I am aware of the bootleg but I have never actually listened to it….
Did Onslaught leave its mark with The Force on the thrash scene? Do you name it an influential, classic thrash record? Is The Force the best thrash record, that came from England/Britain?
Yes definitely, it's not a perfect release but it has been hailed as a classic Thrash metal album and that’s a very big honor for Onslaught…. Haha no, ‘Sounds of Violence’ is now the best thrash album to come from the UK… ;)
Although some thrash bands appeared in Britain (England) during the middle of the ’80s, such as Virus, Deathwish, Xentrix, Sabbath, D. A. M. etc., would you say, that thrash metal hadn’t such a strong background, like in Germany for example? I mean, the British thrash metal bands didn’t manage to breakthrough…
In terms of bands the UK has never been that strong for producing real good ones, its strange because there are many many many Thrash fans here.. But we never had a good band scene, there just were not the amount of musicians that there were in the US or Germany…
After the release of the record began a new chapter/history in the career of the band (I’m thinking of the line up changes and the change of your music), how could you sum up that period? I mean, ’til the release of the In Search Of Sanity album?
The ‘In Search of Sanity’ period was not a good one for us to remember, too many negative things happened in this time and it would eventually lead to the band breaking up. There was just too much outside influence for us to deal with.. But now we are back and very very strong once again just like the old days, lots of fire and more brutality than ever before….!!!!
Thank you for the interview my friend, see you soon

Interview with Michael Zaputil (Sexist, Agent Steel)

Mike, do you still remember, how did you discover music and how did you turn into hard rock/metal?
My parents always had music in the house, my father was a radio announcer/DJ in Billings, Montana in the 1950’s, so he had had a shit-load of records. All bigband, polka,& swing music from the ’30s, 40’s and ’50s. He HATED rock music, so you can about imagine what he thought of the music his son made. He attended only one Agent Steel show we did at the Whiskey in late ’86, he shook his head and left before I had a chance to introduce him to Dave Mustaine and Dave Ellefson who were backstage with us in support. Oh well. I discovered hard rock on the radio when I was about 11, but also discovered and loved (and still do) the ’60s and ’70s soul and R&B at that time as well.
At which point did you decide playing an instrument? Was bass the first instrument that you’ve picked up?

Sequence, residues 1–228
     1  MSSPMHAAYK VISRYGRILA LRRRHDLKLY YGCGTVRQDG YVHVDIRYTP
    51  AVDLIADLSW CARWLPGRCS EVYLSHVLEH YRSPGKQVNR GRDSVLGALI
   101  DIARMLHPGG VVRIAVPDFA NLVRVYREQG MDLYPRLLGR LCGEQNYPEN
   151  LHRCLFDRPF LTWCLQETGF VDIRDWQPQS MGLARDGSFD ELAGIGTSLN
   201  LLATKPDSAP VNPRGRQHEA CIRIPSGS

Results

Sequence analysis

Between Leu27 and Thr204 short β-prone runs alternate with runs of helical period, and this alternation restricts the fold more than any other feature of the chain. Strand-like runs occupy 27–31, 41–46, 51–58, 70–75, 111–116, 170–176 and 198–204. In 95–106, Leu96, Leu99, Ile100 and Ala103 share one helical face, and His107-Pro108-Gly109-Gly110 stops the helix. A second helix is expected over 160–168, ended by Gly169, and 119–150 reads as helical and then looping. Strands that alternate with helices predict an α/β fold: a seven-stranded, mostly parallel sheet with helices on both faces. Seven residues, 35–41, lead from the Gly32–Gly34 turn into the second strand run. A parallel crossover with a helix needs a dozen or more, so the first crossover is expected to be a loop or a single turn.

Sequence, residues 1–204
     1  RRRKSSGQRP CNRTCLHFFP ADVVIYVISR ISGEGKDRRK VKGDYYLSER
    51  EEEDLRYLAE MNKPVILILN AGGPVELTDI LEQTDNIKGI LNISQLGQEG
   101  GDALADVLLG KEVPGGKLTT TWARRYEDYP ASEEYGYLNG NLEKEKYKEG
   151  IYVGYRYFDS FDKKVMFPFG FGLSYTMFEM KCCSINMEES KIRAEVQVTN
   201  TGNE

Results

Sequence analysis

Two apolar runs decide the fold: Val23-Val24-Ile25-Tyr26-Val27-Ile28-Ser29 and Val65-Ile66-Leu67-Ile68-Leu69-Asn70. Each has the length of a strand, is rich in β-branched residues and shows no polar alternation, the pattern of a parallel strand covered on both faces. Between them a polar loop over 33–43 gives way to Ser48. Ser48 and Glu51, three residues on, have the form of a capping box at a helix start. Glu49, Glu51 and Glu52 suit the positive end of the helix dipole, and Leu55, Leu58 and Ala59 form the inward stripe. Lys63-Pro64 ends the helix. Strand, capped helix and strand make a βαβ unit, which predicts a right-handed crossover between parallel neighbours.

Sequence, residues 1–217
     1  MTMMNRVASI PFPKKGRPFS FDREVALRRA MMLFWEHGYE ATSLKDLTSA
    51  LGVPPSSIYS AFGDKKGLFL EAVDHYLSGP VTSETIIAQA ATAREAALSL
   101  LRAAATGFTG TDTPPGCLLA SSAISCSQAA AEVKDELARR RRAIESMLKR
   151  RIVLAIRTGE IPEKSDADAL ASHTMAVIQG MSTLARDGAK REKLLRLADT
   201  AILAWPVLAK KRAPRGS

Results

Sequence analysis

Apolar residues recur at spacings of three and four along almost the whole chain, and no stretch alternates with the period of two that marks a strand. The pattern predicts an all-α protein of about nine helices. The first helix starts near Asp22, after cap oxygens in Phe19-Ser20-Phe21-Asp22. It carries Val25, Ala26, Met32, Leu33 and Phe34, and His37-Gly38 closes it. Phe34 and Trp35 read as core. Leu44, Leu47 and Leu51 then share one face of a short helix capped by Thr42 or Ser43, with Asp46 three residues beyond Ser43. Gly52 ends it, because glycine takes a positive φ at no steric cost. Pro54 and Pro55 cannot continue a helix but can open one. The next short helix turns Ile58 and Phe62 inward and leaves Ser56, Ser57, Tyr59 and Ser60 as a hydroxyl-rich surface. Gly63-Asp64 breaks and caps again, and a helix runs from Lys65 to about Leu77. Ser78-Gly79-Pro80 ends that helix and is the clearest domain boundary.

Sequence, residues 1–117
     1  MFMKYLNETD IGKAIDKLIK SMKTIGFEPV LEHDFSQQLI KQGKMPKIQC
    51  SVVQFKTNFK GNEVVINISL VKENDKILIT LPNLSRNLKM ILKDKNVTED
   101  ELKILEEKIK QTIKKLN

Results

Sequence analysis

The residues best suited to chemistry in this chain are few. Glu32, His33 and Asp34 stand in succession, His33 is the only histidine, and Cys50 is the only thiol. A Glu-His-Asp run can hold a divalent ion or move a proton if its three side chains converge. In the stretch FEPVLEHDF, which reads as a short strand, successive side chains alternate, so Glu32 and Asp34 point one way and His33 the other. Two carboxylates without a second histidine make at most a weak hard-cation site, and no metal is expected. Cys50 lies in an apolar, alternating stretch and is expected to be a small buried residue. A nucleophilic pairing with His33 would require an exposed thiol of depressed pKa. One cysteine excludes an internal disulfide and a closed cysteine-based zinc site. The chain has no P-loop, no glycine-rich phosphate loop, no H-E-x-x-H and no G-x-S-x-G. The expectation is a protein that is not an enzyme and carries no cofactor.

My first instrument was the accordian, at 8 years of age, my folks being Croatian (Yugoslav) and German/Hungarian set me on that path, as you would figure. I was really a good player, read sheet music and did recitals at the school I was trained, and everything, but I hated it, they had to force me to practice. I picked up guitar at 15, but my brother got a bass guitar at a swap meet so I started playing that as well. I only switched to bass because no one else at the time played that instrument well. In a way, that was a good thing because I play the bass very guitar-like, alot of chords and with a pick so I can play very fast rhythms and licks. This style I formed from punk rock, Klaus Floride of the Dead Kennedys especially.
Do you play other instruments too?
Nowadays aside from bass is my guitar, which I use to write material with.
What were your influences become a musician? Were you self taught or did you often take lessons?
My influences began with Geezer Butler. Self taught. I took a couple of lessons from the guy in Steppenwolf, can’t remember his name when I was 17, in 1977. I decided it was a waste of my time, so I did what I always did and taught myself songs from my favorite records, usually Black Sabbath and Alice Cooper, and sad to say, Kiss. (I hate Kiss now, lol!) Around 1980 I started listening to the DKs, and took it from there.
As for you musical taste and interest, were you into established, well known outfits or did you rather prefer the underground ones?
I was into the typical mainstream stuff (see above) at first, not knowing any better until about 1979 a friend that I grew up with was really into punk rock and turned me on to the Sex Pistols, the Clash, X, Black Flag, Germs, and the Dead Kennedys. A whole new world opened up for me with those bands, but I also got into stuff like Wall of Voodoo, The Tubes, Oingo Boingo, Killer Pussy, X-Ray Spex, Plasmatics and a lot of out-there stuff. To this day, I always prefer the underground- it is by far much more honest, interesting, and real to me.
Being based in Los Angeles, what do you recall of the early ’80s L. A .scene?
Well, I haven’t been based in L.A. for twelve years, however back then it was an interesting time. If you were into punk, you had the Circle Jerks, Fear, Black Flag, X, etc. on the outskirts of town. On the Strip, you would have Y&T (Yesterday & Today) come down from San Francisco to play at the Starwood, you had the early Quiet Riot and London, Ala Carte, and Snow, you even had Judas Priest come over to play in the clubs back then, believe it or not.